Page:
But there is a powerful reason for Israelis – and particularly right-wing Israelis – who find the entire enterprise offensive and inappropriate to nonetheless be grateful that the joint ceremony happens every year and is in fact growing in size. One of the fundamental differences in worldview between those on the right and those on the left is what precisely drives the Israeli-Palestinian conflict. For the left, it is largely a question of circumstances, namely the occupation and the growing settlement enterprise, and ameliorating and then reversing these circumstances will eventually lead to a peace agreement and the end of the conflict. For the right, it is largely a question of ideology, namely the refusal of Palestinians to accept Israel’s legitimacy and right to exist as a Jewish state, and thus the conflict will continue indefinitely until Palestinians en masse acknowledge Israelis’ rights and connection to their historic homeland.
This diagnosis of the problem has led Israelis to make Palestinian recognition of Israel as a Jewish state a core demand, and encourages the view that the conflict is not about Israel’s presence in the West Bank but about basic recognition. As Netanyahu said in his 2016 United Nations General Assembly speech, “this remains the true core of the conflict, the persistent Palestinian refusal to recognize the Jewish state in any boundary.” Once this recognition of Israel as a Jewish state and the Jewish narrative happens, the right views all of the other issues receding into the background and being easily solved.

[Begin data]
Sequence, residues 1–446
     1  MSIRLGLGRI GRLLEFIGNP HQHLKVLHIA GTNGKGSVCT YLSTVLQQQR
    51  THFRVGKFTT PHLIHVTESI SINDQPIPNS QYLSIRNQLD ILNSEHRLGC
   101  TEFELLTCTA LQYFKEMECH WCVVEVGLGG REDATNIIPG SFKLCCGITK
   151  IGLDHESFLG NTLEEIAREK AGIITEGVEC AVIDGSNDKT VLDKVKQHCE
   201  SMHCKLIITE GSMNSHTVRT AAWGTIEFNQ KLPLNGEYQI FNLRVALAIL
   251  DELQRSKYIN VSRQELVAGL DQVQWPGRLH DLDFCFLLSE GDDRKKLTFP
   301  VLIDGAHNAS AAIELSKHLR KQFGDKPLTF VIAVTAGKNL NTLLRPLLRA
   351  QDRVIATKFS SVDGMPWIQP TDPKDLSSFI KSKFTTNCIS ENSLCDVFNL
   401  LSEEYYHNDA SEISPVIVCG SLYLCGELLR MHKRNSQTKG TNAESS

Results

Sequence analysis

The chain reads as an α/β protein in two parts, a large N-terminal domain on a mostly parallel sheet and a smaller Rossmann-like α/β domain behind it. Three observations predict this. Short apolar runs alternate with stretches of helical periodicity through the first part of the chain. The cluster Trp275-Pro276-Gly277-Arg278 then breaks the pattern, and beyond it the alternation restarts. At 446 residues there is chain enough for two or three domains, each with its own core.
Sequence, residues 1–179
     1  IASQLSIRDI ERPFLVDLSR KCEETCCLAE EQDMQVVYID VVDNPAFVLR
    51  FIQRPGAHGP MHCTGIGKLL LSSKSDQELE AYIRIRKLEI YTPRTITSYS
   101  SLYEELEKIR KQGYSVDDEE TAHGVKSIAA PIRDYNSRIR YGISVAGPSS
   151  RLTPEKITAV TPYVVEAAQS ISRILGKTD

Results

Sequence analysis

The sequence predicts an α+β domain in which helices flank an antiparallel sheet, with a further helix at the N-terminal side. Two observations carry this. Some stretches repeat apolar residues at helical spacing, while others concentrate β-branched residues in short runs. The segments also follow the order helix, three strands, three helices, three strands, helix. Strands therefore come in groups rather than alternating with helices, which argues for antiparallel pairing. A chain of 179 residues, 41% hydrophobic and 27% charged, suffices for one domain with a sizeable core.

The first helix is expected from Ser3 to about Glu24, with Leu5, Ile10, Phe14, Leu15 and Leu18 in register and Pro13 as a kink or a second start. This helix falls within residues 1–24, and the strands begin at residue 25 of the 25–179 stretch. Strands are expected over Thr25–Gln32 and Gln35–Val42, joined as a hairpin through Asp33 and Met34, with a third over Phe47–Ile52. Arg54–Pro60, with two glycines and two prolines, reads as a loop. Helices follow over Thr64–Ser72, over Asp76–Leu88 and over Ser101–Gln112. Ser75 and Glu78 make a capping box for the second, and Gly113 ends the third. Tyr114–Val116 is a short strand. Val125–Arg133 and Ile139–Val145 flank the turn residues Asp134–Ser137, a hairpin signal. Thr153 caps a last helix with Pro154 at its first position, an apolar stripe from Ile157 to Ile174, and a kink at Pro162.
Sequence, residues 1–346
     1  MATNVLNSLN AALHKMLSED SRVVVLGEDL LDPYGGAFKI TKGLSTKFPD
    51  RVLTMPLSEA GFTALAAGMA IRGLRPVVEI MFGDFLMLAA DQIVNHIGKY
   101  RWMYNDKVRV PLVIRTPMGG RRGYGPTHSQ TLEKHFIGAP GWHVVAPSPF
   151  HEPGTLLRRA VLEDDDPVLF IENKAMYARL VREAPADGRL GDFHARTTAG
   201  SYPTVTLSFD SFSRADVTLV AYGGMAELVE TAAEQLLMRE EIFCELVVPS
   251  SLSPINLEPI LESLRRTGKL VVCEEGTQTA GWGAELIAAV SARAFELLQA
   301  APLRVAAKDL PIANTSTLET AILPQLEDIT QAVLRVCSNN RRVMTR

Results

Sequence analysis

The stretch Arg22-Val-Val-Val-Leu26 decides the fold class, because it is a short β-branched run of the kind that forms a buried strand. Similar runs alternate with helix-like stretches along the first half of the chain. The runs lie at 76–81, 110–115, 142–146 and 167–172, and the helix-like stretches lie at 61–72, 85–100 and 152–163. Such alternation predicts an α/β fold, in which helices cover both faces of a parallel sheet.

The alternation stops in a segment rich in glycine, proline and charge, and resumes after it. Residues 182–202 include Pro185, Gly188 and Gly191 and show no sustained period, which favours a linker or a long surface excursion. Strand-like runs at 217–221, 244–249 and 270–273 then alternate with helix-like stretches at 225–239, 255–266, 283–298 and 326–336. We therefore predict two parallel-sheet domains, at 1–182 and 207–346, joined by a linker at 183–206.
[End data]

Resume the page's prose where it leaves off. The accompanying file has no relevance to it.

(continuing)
The joint Yom Hazikaron ceremony is the starkest example of precisely what the right-wing wants to see happen. Set aside for a moment the Israelis who are involved and toward whom other Israelis’ ire is directed; the Palestinians who apply for permits to come to the Jewish state and mourn their dead in the first modern-day Jewish city alongside Israeli dead on the day that Israel has set aside as its national memorial day are providing the recognition that Israelis so crave. They are legitimizing Israel, its right to exist, its right to defend itself, and its right to do so in the historic Jewish homeland. They are memorializing the IDF soldiers whom the overwhelming majority of Palestinians see as invaders and military occupiers, and instead accepting them on Israeli terms as defenders of the Israeli state and as guarantors of Jewish rights. The Palestinians who participate are going against the recidivist elements in their own camp, spurning the powerful forces in Palestinian society pushing for anti-normalization, and not conditioning recognition of Israel or its own narratives on any larger political objective. They are modeling the exact mindset that Netanyahu and many Israelis have identified as the one thing that Palestinians must do in order for peace to flourish, and rejecting the single thing that Netanyahu and many Israelis have identified as the biggest obstacle. Shouldn’t everyone be cheering this on as precisely the type of movement that needs to grow and be nurtured rather than tar it as a disgraceful affront? Shouldn’t the Israelis who have engaged with these Palestinians be celebrated for their success in engaging the other side in Israel’s core narrative rather than demonized as Nazis and traitors?
I understand the anger and the discomfort from the Israeli side. But if you take a step back, you will see that a joint Israeli-Palestinian memorial ceremony is precisely the recognition that Israel wants. Today, as we celebrate Israel’s independence, it should be a reminder that Zionism’s ultimate success is not national self-determination and sovereignty in the historic Jewish homeland, but will come when that self-determination and sovereignty is accepted and recognized by all.